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Germans spend according to survey 281 euros for Christmas gifts from

Monday, 11.11.2019
07:37 clock

Worries about an economic downturn should not cloud this year's Christmas business. Because according to a survey of the consulting firm EY (Ernst & Young), the Germans remain generous and this year spend on average 281 euros for gifts to the festival. That's just one euro less than last year, when gift budgets rose to a record high. Extrapolated, spending on gifts adds up to 18.4 billion euros, according to EY.

  

Many donors are obviously very pragmatic and opt for cash or vouchers. According to the survey, more than one in two consumers (56 percent) wants to avoid the danger of falling short in gift selection. "Money gifts are so popular because older people are finding it increasingly difficult to find suitable gifts for the younger generation – the interests of younger and older consumers are now far apart," said EY retailer Thomas Harms.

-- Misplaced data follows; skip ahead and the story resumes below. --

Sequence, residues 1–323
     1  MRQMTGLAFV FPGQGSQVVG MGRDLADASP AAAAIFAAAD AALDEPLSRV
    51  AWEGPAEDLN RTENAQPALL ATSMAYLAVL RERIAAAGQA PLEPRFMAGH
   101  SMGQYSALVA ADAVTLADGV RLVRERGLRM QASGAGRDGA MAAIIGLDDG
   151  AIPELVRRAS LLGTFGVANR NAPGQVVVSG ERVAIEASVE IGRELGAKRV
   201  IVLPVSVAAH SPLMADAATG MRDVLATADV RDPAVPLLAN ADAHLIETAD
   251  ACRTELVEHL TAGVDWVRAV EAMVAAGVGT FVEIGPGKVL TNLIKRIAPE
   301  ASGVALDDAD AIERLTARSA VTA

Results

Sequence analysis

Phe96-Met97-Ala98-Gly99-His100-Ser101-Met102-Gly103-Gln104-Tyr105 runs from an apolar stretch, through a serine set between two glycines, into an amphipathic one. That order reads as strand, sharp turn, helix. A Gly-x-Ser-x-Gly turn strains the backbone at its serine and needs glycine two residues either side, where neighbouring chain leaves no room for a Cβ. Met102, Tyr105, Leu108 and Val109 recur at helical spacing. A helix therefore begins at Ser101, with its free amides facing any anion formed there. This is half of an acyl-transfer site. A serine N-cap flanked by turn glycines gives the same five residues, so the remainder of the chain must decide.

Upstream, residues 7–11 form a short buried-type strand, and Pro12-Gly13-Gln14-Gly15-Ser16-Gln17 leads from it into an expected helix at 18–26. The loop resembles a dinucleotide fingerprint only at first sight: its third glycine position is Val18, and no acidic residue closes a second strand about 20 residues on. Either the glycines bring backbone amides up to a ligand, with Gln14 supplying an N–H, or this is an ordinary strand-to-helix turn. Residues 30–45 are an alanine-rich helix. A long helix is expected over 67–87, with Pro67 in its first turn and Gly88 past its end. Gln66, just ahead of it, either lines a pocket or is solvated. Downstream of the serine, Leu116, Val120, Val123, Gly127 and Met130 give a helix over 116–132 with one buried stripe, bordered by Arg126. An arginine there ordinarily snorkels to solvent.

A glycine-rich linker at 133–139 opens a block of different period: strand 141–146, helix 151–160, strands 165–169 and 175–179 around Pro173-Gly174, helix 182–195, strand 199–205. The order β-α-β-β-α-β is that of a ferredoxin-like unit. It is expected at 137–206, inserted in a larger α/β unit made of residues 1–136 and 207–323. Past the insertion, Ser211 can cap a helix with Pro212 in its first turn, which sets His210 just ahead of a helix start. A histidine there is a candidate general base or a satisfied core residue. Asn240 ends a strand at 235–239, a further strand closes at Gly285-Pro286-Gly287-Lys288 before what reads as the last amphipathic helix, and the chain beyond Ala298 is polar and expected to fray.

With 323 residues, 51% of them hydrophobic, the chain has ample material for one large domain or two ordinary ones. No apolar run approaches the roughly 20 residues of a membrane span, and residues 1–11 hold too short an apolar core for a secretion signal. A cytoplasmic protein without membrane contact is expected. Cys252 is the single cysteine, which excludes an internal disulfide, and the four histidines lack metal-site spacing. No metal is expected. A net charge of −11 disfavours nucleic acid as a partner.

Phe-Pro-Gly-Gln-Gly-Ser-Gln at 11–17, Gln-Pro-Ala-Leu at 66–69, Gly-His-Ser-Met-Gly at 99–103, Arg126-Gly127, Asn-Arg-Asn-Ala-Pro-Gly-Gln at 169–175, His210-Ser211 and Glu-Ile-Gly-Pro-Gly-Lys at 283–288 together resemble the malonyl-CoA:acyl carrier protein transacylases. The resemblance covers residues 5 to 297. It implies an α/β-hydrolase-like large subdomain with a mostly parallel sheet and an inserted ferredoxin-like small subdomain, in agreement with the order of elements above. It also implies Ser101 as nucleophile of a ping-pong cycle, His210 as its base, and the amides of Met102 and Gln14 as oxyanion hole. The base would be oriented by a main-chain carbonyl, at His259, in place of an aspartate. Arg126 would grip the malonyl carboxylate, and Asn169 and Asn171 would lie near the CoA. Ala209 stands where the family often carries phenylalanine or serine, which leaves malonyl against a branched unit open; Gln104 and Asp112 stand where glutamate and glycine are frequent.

Also for the trade the trend to coupons is positive, said Harms. On the one hand, the vouchers ensure more public traffic "between the years", on the other hand, experience has shown that many vouchers are not even honored. That was particularly lucrative for the dealers. According to the survey, the average budget per voucher is 69 euros.

  
More than half want to buy gifts in the stationary store

  Food and confectionery ranked second in the ranking of gifts in the survey. Books and e-books followed in third place. Considerably rarer than last year, according to the survey, textiles as well as concert tickets or event vouchers may be found under the Christmas tree this year. According to the survey, just four in ten consumers want to give away toys and spend an average of 29 euros, which is six euros more than in the previous year.

  
The increased wages of recent years and the low interest rates are, according to EY, the main reasons why consumers want to remain generous again this year.

  Even if the gift ideas are not always original – after all, far more than half of the 1000 respondents want to go to a stationary store. 54 percent said they would rather buy the Christmas gifts at the local retailer than on the internet. 59 percent said they care about the pre-Christmas shopping experience in the city or in the shopping center. "Christmas atmosphere and the festive ambience of decorated city centers are a great opportunity for the cities and retailers," said EY-expert Harms with a view to the competition through online shopping.

  Only for about every seventh questioning was therefore the online gift purchase the first choice. Around a third of consumers had no clear preference.

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